Ocean Pollution Is the Death of Earth

Ocean pollution

Ocean pollution could be the worst form of pollution and the actual death of Earth. This is because it goes on, continued without notice. The gasoline company, BP, made a major dilemma for public affairs not long ago when they filled up the gulf with raw oil, killing or affecting hundreds of thousands of creatures, conceivably more. The National Ocean Service describes how oil really impacts marine life.

Not only is oil harmful for sea dwellers, but birds and other mammals can also be affected. Sea otters and other fur-bearing creatures lose their water “repellency” when they are exposed to oil, leaving them entirely vulnerable, and making them unable to withstand the weather. After losing the ability to repel water molecules, birds and other mammals die from hypothermia if not rescued and treated by emergency crews.

Oil and most forms of ocean pollution can be ingested, leading to death by poison. Though fish and shellfish are not usually exposed to the oil spills immediately, they could eventually come into contact with the contaminated water. Oil has been linked to cancers, and conditions that even affect aquatic life. Some of these illnesses include respiration changes, enlarged livers, reduced growth, heart rate changes, fin erosion, and reproduction impairment. Oil can also pose detrimental harm to eggs and larval survival rates.

The World Wildlife Fund (WWF) posits over a billion people actually lack access to potable water, and somewhere around two billion do not have adequate sanitation, putting them at risk of deadly or life-long diseases. The author claims that many industries and products that make human life possible are really affecting the health of the world. By the year 2000 allegedly, the world’s chemical production had increased by 400 times since 1930.

Chemicals make modern life possible, but they also contaminate landscapes around the world. Many chemicals are often believed to exist as particulates or pollutants, but no laboratory is properly set up to detect all substances harming the environment. The danger is always present, even if not realized by the general public. This is why ocean pollution can, and perhaps will, be the death of Earth and its inhabitants.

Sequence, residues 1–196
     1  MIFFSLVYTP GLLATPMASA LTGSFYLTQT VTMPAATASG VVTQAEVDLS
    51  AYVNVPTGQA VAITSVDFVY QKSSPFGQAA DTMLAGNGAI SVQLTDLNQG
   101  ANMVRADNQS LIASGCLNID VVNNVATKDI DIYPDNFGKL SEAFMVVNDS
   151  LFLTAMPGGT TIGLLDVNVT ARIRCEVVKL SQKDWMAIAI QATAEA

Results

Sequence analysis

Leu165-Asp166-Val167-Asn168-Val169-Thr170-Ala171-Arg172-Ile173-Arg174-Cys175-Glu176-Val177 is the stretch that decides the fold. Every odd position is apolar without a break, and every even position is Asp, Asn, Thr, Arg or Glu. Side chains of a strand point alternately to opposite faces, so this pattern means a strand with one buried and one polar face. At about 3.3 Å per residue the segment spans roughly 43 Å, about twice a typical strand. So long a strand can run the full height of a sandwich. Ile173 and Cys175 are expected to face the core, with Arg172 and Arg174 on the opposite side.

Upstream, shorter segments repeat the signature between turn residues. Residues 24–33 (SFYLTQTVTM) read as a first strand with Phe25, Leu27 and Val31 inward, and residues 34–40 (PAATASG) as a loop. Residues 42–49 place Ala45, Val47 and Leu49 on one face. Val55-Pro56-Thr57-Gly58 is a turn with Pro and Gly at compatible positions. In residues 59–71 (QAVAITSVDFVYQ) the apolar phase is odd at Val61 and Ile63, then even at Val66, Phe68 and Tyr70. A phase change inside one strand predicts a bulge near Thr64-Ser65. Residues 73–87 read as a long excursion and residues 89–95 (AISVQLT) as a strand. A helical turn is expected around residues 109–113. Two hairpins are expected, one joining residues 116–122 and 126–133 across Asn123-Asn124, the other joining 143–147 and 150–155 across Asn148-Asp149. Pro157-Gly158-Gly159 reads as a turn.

Pollution can travel around the globe, very great distances, by air or bodies of animals who absorb chemicals through the skin or through ingestion. These chemicals for example, birth control pills, are then eliminated and released into the water systems, spreading to nearby habitats and even readmitted into human supply.

Ocean litter and pollution comes from many sources. Examples cited by WWF include barrels that fall off ships during rough weather, trash articles and other waste. Garbage can wash away from cities and impervious zones bringing pollutants and chemicals into streams and rivers–many of which connect to the ocean.

Landfills contain such hazardous waste, when heavy rains soak these parts of land, waste blows into streams or directly into the ocean. After these toxins and waste products enter the ocean, animal and aquatic life greatly suffers. Everything leads to the ocean. Once the ocean goes, so too do humans.

After foreign objects reach the ocean, they degrade over time and release even more hazardous chemicals or compounds into the waters. Physical pieces can snag, or otherwise kill creatures in the waters, and can also get washed up onto shore, killing other forms of wildlife. If people do not want to see the death of Earth, ocean pollution must be stopped immediately, at all costs.

Opinion By Lindsey Alexander 

Sources:

World Wildlife Organization 

Ocean Service

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